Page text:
World Library  
Flag as Inappropriate
Email this Article

Cat Snake

Article Id: WHEBN0008956211
Reproduction Date:

Title: Cat Snake  
Author: World Heritage Encyclopedia
Language: English
Subject: Boiga barnesii
Publisher: World Heritage Encyclopedia

Cat Snake

Mangrove Snake, Boiga dendrophila
Scientific classification
Kingdom: Animalia
Phylum: Chordata
Subphylum: Vertebrata
Class: Reptilia
Order: Squamata
Suborder: Serpentes
Family: Colubridae
Subfamily: Colubrinae
Genus: Boiga
Fitzinger, 1826

Boiga is a large genus of mildly venomous, opisthoglyphous or rear-fanged, colubrid snakes typically known as the cat-eyed snakes or just cat snakes. They are primarily found throughout southeast Asia, India and Australia, but due to their extremely hardy nature and adaptability have spread to many other suitable habitats around the world. There are 34 recognized species in the genus.[1]



Cat snakes are long-bodied snakes with large heads and large eyes. They vary greatly in pattern and color. Many species have banding, but some are spotted and some are solid-colored. Colors are normally black, brown, or green with white or yellow accents.


They are primarily arboreal, nocturnal snakes.


They prey on various species of lizards, small snakes, birds, and rodents.


Their venom toxicity varies from species to species, but is not generally considered to be life threatening to humans.


Boiga species are oviparous.

In captivity

Boiga dendrophila is by far the most common species in captivity, but Boiga cynea and Boiga nigriceps are also found. Nowadays,B. cynodon,B. philippina and a 'Katherine morph' B.irregularis are also circulating in the South-East Asian exotic pet trade. Others are not commonly available. They are hardy and adaptable and tend to do well in captivity after the initial period of stress from the importation process is passed. They are not bred commonly in captivity, so most specimens available are wild caught, and thus are prone to heavy internal parasite load. Adjusting them to a rodent only diet can be difficult for the inexperienced reptile keeper.

Invasive species

Boiga irregularis in particular has been federally banned in the United States because of its effect by accidentally being introduced to the island of Guam. Some time during the 1950s, these snakes (or possibly a single female with eggs) reached the island, possibly having hidden in imported plant pots. The island of Guam lacks native snakes or predators that can deal with snakes the size and aggressiveness of Boiga irregularis. As a result, they have bred unchecked as an invasive species, and began consuming the island's bird life in extreme numbers. Currently, dozens of bird species have been completely eradicated from the island, many species that were found nowhere else on earth, and the snake has reached astonishing population densities, reported to be as high as 15,000 snakes per square mile. In addition to devouring the native fauna, this species will routinely crawl into power transformers, and, unfortunately for all involved, this typically results in both an electrocuted snake and substantial blackouts.[2]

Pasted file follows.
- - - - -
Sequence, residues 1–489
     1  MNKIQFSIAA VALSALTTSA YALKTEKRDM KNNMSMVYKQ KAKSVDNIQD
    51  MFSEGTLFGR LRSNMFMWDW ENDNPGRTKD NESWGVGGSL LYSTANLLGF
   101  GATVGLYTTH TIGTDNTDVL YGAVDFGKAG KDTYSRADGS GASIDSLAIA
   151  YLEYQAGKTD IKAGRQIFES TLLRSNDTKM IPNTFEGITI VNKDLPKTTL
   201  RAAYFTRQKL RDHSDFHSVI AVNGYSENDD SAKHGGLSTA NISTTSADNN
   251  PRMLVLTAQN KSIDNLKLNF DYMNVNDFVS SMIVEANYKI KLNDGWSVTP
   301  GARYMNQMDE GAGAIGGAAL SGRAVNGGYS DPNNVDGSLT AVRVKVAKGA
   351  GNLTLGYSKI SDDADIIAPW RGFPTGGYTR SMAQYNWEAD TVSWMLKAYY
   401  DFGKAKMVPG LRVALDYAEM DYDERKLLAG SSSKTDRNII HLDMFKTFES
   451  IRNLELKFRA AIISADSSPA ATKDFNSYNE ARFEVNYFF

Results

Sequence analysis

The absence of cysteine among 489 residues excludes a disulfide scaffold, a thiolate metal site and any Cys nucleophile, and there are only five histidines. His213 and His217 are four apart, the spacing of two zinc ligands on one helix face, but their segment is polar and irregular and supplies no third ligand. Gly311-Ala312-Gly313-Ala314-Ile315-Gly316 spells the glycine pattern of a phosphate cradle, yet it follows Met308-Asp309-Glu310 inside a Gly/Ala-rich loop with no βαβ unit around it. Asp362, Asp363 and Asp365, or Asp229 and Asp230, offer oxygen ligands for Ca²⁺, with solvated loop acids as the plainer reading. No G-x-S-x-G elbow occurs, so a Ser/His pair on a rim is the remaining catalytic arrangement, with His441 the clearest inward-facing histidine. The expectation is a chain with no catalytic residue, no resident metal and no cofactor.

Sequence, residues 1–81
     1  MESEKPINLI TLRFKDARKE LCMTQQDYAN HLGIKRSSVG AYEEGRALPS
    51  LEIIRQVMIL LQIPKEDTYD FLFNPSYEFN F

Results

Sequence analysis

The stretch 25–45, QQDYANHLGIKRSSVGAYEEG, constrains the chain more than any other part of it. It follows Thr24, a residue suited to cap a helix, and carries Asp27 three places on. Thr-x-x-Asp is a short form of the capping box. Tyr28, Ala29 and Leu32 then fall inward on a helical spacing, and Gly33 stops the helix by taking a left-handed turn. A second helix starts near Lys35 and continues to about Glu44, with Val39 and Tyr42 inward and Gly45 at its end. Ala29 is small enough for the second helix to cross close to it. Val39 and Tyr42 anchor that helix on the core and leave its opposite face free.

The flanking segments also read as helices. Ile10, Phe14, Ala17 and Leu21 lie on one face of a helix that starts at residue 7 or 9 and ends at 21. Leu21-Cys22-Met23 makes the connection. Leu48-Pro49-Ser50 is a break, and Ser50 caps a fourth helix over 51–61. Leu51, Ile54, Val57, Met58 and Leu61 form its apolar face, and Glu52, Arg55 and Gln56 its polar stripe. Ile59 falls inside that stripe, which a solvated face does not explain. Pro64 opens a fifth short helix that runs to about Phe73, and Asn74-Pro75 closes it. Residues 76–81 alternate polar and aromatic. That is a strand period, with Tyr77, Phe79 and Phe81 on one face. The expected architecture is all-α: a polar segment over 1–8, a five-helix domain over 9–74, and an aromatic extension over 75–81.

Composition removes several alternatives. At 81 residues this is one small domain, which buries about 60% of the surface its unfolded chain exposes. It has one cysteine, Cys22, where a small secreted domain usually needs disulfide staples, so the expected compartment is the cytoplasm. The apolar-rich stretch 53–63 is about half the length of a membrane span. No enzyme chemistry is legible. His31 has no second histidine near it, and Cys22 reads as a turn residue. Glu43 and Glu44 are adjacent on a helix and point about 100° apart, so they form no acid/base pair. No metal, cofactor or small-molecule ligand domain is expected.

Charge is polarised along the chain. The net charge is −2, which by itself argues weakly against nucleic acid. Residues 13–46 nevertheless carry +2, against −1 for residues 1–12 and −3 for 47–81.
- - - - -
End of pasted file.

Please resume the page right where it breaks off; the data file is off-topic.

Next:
Further reading

  • Fitzinger, L.I. 1826. Neue Classification der Reptilien nach ihren natürlichen Verwandtschaften. Nebst einer Verwandtschafts-tafel und einem Verzeichnisse der Reptilien-Sammlung des k.k. zoologischen Museums zu Wien. J.G. Heubner. Vienna. five unnumbered pages + 67 pp. + one plate. (Genus Boiga, p. 60.)

External links

  • Genus The Reptile Database
  • Wild Eastern Brown Tree Snake
  • (Serpentes: Colubridae)
This article was sourced from Creative Commons Attribution-ShareAlike License; additional terms may apply. World Heritage Encyclopedia content is assembled from numerous content providers, Open Access Publishing, and in compliance with The Fair Access to Science and Technology Research Act (FASTR), Wikimedia Foundation, Inc., Public Library of Science, The Encyclopedia of Life, Open Book Publishers (OBP), PubMed, U.S. National Library of Medicine, National Center for Biotechnology Information, U.S. National Library of Medicine, National Institutes of Health (NIH), U.S. Department of Health & Human Services, and, which sources content from all federal, state, local, tribal, and territorial government publication portals (.gov, .mil, .edu). Funding for and content contributors is made possible from the U.S. Congress, E-Government Act of 2002.
Crowd sourced content that is contributed to World Heritage Encyclopedia is peer reviewed and edited by our editorial staff to ensure quality scholarly research articles.
By using this site, you agree to the Terms of Use and Privacy Policy. World Heritage Encyclopedia™ is a registered trademark of the World Public Library Association, a non-profit organization.

Copyright © World Library Foundation. All rights reserved. eBooks from World eBook Library are sponsored by the World Library Foundation,
a 501c(4) Member's Support Non-Profit Organization, and is NOT affiliated with any governmental agency or department.